Typically questions of parenthood, and any ensuing rights and responsibilities, hinge on paternity. Rarely is there a question regarding the rightful mother of a child. However, this blog recently detailed a Houston custody battle ensuing between a man and a woman regarding twins born in July of this year, and the question of whether or not the woman that birthed the twins had parental rights.
Reportedly, the woman and man involved in this custody dispute were not romantically involved. However, they agreed to have children and co-parent together. Due to the woman’s age and worries over the health of the children, the pair decided to use donor eggs. Through in vitro fertilization, the man’s sperm was implanted in the donor eggs, which the woman then carried through surrogacy, eventually delivering the twins this summer.
When the children were born, the man attempted to gain custody, and said the woman was only a surrogate and should not have parental rights because there was no genetic link. However, according to a local report, there was never a surrogate agreement. Conversely, the Houston woman maintains it was always meant to be a co-parenting relationship; therefore she should have parental rights.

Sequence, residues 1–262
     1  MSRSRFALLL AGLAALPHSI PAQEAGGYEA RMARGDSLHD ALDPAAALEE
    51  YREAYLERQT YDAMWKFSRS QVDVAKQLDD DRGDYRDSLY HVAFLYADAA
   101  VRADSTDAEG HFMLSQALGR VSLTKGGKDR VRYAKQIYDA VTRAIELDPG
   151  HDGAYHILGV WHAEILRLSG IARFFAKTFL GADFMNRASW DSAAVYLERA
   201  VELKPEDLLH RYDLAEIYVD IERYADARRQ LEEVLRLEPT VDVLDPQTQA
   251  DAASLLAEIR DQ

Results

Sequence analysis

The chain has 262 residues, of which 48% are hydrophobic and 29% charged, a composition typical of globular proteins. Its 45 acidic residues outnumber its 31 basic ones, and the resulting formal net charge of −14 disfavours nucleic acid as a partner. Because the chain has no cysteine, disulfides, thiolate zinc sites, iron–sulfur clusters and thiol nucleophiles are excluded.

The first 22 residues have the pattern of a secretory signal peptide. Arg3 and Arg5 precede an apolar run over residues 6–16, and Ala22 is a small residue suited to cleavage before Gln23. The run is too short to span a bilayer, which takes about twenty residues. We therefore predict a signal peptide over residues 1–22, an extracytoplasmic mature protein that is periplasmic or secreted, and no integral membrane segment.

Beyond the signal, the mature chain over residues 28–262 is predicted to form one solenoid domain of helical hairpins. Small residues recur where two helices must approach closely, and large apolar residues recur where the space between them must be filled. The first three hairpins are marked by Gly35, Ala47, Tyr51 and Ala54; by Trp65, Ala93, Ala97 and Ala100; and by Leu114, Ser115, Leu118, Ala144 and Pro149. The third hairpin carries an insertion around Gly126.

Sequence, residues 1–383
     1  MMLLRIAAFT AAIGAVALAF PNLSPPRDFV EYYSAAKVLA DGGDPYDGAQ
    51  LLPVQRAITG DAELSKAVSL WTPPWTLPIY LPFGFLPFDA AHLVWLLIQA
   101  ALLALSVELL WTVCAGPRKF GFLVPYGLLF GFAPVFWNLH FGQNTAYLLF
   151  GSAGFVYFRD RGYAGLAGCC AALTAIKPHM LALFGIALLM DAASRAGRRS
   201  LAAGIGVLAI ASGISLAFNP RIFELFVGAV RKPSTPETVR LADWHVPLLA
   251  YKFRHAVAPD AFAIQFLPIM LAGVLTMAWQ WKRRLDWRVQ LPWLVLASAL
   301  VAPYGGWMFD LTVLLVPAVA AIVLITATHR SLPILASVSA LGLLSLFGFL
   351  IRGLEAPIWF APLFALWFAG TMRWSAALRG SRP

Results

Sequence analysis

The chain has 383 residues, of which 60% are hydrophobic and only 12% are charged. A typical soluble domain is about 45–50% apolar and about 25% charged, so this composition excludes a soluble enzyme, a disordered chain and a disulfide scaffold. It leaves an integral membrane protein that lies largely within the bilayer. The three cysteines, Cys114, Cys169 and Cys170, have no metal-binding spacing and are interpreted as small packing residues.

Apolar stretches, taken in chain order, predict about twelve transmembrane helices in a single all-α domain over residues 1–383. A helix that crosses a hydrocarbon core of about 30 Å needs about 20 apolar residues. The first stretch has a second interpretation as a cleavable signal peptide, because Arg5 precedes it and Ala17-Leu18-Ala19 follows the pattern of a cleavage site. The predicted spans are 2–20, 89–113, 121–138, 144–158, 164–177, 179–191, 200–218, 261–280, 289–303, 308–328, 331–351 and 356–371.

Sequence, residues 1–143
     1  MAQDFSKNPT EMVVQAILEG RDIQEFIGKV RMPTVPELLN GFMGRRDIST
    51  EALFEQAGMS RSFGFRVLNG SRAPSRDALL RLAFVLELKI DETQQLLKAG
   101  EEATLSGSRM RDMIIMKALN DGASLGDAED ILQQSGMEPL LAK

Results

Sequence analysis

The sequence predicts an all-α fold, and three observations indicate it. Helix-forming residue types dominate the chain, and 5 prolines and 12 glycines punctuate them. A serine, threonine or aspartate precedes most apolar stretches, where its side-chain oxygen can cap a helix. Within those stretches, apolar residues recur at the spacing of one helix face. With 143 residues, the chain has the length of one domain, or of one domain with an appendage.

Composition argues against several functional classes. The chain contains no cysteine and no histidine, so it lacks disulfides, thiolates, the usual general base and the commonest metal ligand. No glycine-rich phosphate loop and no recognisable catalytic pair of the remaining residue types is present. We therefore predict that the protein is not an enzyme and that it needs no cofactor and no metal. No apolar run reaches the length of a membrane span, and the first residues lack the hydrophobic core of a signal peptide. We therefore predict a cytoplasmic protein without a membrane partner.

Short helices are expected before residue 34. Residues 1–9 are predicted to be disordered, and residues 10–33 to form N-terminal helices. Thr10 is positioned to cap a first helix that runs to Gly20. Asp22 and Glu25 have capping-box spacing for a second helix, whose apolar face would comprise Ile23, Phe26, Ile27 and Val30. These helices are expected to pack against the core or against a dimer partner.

A Houston judge recently sided with the woman, ruling that she was in fact the mother of the children, rather than simply a surrogate. According to mother’s attorney, “The family code of Texas matter-of-factly states that the mother and child relationship is established by giving birth to the child. The law says nothing about being genetically or biologically related.”
Nov. 26 the parents will return to court to establish custody in addition to parental rights and duties. The woman is hoping to be awarded custody. She says that it has been very painful that since she birthed the twins she feels as though she has been relegated to the fringes, missing important moments in the lives of her children.
Source: Houston Chronicle, “Judge says woman is mother, not surrogate,” Renee C. Lee, Nov. 9, 2012
- Our firm has experience handling similar disputes. For more information, please visit our Houston child custody and visitation page.